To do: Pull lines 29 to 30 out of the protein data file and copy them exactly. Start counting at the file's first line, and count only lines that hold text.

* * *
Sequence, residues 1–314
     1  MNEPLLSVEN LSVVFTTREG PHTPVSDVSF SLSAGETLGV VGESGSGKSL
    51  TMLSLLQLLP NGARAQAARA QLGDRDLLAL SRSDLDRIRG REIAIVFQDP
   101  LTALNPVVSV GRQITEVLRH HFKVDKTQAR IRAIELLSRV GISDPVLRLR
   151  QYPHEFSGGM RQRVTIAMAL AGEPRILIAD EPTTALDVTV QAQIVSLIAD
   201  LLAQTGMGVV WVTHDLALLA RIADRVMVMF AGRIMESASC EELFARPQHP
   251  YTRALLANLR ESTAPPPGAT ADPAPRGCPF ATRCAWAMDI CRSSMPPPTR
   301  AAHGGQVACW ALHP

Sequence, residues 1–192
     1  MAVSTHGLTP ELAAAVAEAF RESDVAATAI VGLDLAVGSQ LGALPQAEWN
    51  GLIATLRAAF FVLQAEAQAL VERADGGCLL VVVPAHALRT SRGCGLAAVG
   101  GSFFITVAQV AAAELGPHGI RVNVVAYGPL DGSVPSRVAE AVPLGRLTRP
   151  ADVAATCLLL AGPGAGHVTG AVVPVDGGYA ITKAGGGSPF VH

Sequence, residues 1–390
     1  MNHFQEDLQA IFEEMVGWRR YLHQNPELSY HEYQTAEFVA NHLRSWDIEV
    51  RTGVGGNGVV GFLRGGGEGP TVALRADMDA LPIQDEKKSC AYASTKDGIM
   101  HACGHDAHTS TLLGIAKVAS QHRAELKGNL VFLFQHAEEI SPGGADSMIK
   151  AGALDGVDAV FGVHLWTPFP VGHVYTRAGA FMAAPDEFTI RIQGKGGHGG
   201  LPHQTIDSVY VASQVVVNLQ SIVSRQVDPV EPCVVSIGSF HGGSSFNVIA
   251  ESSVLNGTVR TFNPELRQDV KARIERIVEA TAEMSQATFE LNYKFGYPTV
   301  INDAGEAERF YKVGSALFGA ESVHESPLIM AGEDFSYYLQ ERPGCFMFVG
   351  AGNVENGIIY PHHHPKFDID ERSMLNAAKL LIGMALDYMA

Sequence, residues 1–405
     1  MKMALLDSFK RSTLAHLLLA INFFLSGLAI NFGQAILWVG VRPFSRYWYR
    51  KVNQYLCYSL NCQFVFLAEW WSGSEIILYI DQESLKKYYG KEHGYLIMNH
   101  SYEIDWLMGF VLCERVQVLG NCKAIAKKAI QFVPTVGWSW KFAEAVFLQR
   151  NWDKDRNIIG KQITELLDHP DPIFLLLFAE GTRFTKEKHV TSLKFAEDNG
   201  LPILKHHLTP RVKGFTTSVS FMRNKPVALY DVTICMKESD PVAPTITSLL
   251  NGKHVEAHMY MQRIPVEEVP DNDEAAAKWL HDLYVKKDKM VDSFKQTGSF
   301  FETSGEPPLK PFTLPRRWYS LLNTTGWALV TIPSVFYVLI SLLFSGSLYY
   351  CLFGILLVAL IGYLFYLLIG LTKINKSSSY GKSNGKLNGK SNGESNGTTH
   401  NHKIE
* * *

   251  NGKHVEAHMY MQRIPVEEVP DNDEAAAKWL HDLYVKKDKM VDSFKQTGSF
   301  FETSGEPPLK PFTLPRRWYS LLNTTGWALV TIPSVFYVLI SLLFSGSLYY